uuaaguaguggugccgcucuuauu uaugcaagggcaagcucucuuc
cel-miR-252 mmu-miR-301
uaaguaguagugccgcagguaac cagugcaauaguauugucaaagc
cel-miR-253 mmu-miR-302
cacaccucacuaacacugacc uaagugcuuccauguuuugguga
cel-miR-254 mmu-miR-34c
ugcaaaucuuucgcgacuguagg aggcaguguaguuagcugauugc
cel-miR-256 mmu-miR-34b
uggaaugcauagaagacugua uaggcaguguaauuagcugauug
cel-miR-257 mmu-let-7d
gaguaucaggaguacccaguga agagguaguagguugcauagu
cel-miR-258 mmu-let-7d*
gguuuugagaggaauccuuuu cuauacgaccugcugccuuucu
cel-miR-259 mmu-miR-106a
aaaucucauccuaaucuggua caaagugcuaacagugcaggua
cel-miR-260 mmu-miR-106b
gugaugucgaacucuuguag uaaagugcugacagugcagau
cel-miR-261 mmu-miR-130b
uagcuuuuuaguuuucacg cagugcaaugaugaaagggcau
cel-miR-262 mmu-miR-19b
guuucucgauguuuucugau ugugcaaauccaugcaaaacuga
cel-miR-264 mmu-miR-30c
ggcgggugguuguuguuaug uguaaacauccuacacucucagc
cel-miR-265 mmu-miR-30d
ugagggaggaagggugguau uguaaacauccccgacuggaag
cel-miR-266 mmu-miR-148a
aggcaagacuuuggcaaagc ucagugcacuacagaacuuugu
cel-miR-267 mmu-miR-192
cccgugaagugucugcugca cugaccuaugaauugaca
cel-miR-268 mmu-miR-196
ggcaagaauuagaagcaguuuggu uagguaguuucauguuguugg
cel-miR-269 mmu-miR-200a
ggcaagacucuggcaaaacu uaacacugucugguaacgaugu
cel-miR-270 mmu-miR-208
ggcaugauguagcaguggag auaagacgagcaaaaagcuugu
cel-miR-271 mmu-let-7a
ucgccgggugggaaagcauu ugagguaguagguuguauaguu
cel-miR-272 mmu-let-7b
uguaggcauggguguuug ugagguaguagguugugugguu
cel-miR-273 mmu-let-7c
ugcccguacugugucggcug ugagguaguagguuguaugguu
cel-miR-353 mmu-let-7e
caauugccauguguugguauu ugagguaggagguuguauagu
cel-miR-354 mmu-let-7f
accuuguuuguugcugcuccu ugagguaguagauuguauaguu
cel-miR-355 mmu-miR-15a
uuuguuuuagccugagcuaug uagcagcacauaaugguuugug
cel-miR-356 mmu-miR-16
uugagcaacgcgaacaaauca uagcagcacguaaauauuggcg
cel-miR-357 mmu-miR-18
uaaaugccagucguugcagga uaaggugcaucuagugcagaua
cel-miR-358 mmu-miR-20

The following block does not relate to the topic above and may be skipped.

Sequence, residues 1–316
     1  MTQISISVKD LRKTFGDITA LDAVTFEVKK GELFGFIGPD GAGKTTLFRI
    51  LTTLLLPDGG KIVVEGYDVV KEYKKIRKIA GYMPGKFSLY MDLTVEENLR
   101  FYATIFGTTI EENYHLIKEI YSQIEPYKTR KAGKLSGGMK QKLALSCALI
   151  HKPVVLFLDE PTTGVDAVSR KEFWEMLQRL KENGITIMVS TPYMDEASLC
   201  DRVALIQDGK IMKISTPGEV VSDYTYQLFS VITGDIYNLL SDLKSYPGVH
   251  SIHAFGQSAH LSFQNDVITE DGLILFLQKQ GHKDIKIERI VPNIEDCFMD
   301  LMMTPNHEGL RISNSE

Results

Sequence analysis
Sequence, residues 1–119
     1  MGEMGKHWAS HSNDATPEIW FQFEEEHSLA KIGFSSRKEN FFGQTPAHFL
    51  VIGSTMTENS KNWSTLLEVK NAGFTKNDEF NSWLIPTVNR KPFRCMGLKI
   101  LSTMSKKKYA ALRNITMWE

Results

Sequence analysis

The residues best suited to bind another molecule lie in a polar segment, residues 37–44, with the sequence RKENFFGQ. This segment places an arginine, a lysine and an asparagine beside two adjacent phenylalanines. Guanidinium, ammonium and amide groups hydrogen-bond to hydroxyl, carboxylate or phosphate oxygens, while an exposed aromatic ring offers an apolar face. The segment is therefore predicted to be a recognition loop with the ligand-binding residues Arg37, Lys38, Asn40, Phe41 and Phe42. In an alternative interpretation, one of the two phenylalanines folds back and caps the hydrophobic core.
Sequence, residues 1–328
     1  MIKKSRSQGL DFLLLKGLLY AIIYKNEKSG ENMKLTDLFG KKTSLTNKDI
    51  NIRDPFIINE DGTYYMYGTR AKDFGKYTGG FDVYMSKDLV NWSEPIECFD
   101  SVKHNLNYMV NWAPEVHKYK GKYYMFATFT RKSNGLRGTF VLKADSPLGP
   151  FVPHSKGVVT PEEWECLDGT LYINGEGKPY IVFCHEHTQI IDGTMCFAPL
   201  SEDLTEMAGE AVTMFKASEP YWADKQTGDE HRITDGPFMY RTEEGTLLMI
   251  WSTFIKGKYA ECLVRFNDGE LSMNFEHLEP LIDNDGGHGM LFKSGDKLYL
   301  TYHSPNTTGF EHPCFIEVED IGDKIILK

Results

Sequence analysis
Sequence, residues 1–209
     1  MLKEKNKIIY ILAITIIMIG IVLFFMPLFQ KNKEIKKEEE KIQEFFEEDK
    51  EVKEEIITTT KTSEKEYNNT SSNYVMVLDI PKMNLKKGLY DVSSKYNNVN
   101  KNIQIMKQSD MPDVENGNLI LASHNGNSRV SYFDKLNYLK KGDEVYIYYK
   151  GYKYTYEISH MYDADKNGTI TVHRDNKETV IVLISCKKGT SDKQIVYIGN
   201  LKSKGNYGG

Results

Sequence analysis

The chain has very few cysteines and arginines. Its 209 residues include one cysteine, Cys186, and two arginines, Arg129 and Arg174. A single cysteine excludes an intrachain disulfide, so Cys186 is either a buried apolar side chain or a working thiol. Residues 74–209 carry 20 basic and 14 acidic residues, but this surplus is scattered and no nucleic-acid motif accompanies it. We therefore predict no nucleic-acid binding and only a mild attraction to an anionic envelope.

caauugguaucccugucaagg uaaagugcuuauagugcagguag
cel-miR-359 mmu-miR-21
ucacuggucuuucucugacga uagcuuaucagacugauguuga
cel-miR-360 mmu-miR-22
ugaccguaaucccguucacaa aagcugccaguugaagaacugu
cel-lsy-6 mmu-miR-23a
uuuuguaugagacgcauuucg aucacauugccagggauuucc
cel-miR-392 mmu-miR-26a
uaucaucgaucacgugugauga uucaaguaauccaggauaggcu
mmu-miR-26b
uucaaguaauucaggauagguu
hsa-let-7a mmu-miR-29a
ugagguaguagguuguauaguu cuagcaccaucugaaaucgguu
hsa-let-7b mmu-miR-29c
ugagguaguagguugugugguu uagcaccauuugaaaucgguua
hsa-let-7c mmu-miR-27a
ugagguaguagguuguaugguu uucacaguggcuaaguuccgc
hsa-let-7d mmu-miR-31
agagguaguagguugcauagu aggcaagaugcuggcauagcug
hsa-let-7e mmu-miR-92
ugagguaggagguuguauagu uauugcacuugucccggccug
hsa-let-7f mmu-miR-93
ugagguaguagauuguauaguu caaagugcuguucgugcagguag
hsa-miR-15a mmu-miR-96
uagcagcacauaaugguuugug uuuggcacuagcacauuuuugcu
hsa-miR-16 mmu-miR-34a
uagcagcacguaaauauuggcg uggcagugucuuagcugguuguu
hsa-miR-17-5p mmu-miR-98
caaagugcuuacagugcagguagu ugagguaguaaguuguauuguu
hsa-miR-17-3p mmu-miR-103
acugcagugaaggcacuugu agcagcauuguacagggcuauga
hsa-miR-18 mmu-miR-323
uaaggugcaucuagugcagaua gcacauuacacggucgaccucu
hsa-miR-19a mmu-miR-324-5p
ugugcaaaucuaugcaaaacuga cgcauccccuagggcauuggugu
hsa-miR-19b mmu-miR-324-3p
ugugcaaauccaugcaaaacuga ccacugccccaggugcugcugg
hsa-miR-20 mmu-miR-325
uaaagugcuuauagugcaggua ccuaguaggugcucaguaagugu
hsa-miR-21 mmu-miR-326
uagcuuaucagacugauguuga ccucugggcccuuccuccagu
hsa-miR-22 mmu-miR-328
aagcugccaguugaagaacugu cuggcccucucugcccuuccgu
hsa-miR-23a mmu-miR-329
aucacauugccagggauuucc aacacacccagcuaaccuuuuu
hsa-miR-189 mmu-miR-330
gugccuacugagcugauaucagu gcaaagcacagggccugcagaga
hsa-miR-24 mmu-miR-331
uggcucaguucagcaggaacag gccccugggccuauccuagaa
hsa-miR-25 mmu-miR-337
cauugcacuugucucggucuga uucagcuccuauaugaugccuuu
hsa-miR-26a mmu-miR-338
uucaaguaauccaggauaggcu uccagcaucagugauuuuguuga
hsa-miR-26b mmu-miR-339
uucaaguaauucaggauaggu ucccuguccuccaggagcuca
hsa-miR-27a mmu-miR-340
uucacaguggcuaaguuccgcc uccgucucaguuacuuuauagcc
hsa-miR-28 mmu-miR-341
aaggagcucacagucuauugag ucgaucggucggucggucagu
hsa-miR-29a mmu-miR-342
cuagcaccaucugaaaucgguu ucucacacagaaaucgcacccguc